Accommodation, Not a Compromise

In the fast-paced, rough and tumble of politics, it’s easy to overlook subtle variations in wording. Often we’re told that “the Devil is in the details.” Sometimes among the details are politicians’ word choices. Thus when President Obama announced an adjustment in his position on the requirement that Catholic Institutions include abortion, sterilization, and birth control in insurance policies they provide their employees, he chose to call the shift an “accommodation” rather than a “compromise.”

Strictly speaking, he was right. A compromise is an agreement reached by two parties who both participate in negotiations and who both have power. The Catholic Church protested the “health care” requirement, but had no part in any negotiations to reach a compromise. Rather the President modified his stance and shifted the cost of birth control insurance away from the Church itself and onto companies who provide their employees’ insurance. The importance of calling this an “accommodation” is that it preserves all the power for the government. There were no discussions, no give and take, only a unilateral, political decision by the Obama Administration.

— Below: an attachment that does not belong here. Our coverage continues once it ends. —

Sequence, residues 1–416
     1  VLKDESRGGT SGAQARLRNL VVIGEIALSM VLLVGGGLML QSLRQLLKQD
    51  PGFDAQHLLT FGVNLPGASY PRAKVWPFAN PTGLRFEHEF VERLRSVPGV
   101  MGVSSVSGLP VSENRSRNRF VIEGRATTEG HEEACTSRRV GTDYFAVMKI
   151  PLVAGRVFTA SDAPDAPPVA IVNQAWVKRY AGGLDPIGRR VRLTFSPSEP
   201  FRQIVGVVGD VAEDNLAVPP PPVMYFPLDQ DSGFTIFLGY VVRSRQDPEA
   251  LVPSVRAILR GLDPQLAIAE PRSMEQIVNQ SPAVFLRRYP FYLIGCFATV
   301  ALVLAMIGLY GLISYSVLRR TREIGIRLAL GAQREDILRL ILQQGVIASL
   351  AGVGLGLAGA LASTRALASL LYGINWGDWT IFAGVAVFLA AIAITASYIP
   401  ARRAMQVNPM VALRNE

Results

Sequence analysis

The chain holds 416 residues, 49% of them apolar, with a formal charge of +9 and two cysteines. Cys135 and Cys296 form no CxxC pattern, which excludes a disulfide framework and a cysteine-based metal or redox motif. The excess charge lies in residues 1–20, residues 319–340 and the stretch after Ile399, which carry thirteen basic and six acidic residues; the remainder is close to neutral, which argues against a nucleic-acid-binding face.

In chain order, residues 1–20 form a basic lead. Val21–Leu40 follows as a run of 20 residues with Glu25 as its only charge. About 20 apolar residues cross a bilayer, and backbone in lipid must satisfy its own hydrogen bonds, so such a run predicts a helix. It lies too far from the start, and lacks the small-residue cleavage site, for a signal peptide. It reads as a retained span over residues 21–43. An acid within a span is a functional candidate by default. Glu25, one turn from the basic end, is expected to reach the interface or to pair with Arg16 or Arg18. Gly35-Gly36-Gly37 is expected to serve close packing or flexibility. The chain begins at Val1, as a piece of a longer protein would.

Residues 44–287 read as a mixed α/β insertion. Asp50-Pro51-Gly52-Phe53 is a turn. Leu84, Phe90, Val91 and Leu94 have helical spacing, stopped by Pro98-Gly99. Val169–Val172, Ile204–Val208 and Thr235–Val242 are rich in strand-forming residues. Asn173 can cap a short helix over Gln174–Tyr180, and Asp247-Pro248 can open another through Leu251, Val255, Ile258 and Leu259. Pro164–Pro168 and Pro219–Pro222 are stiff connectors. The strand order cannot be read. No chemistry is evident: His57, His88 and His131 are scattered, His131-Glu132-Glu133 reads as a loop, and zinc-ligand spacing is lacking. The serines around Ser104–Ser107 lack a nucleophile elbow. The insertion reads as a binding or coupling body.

This might seem like small potatoes, but it reveals the mind-set of the “progressives” who are now running the show. Their accommodation to a protest is “noblesse oblige.” In other words, we have the power and we will make the decisions. As for the Catholic Church, they have been told to accept a plan that forces their insurance companies to pay for procedures that the Church itself finds morally unacceptable. It is like suggesting that a person who hires a hit man to commit a murder is him/herself without guilt.

There’s much more to this issue than Obama’s choice of words. There is, of course, the point that, under the First Amendment to the Constitution, no one (not just Catholics) can be forced to abandon his or her religious beliefs. So there’s more to come, but by choosing to call his change of position an accommodation, Obama reveals an imperial take-it or leave-it attitude.

Dwight Boud

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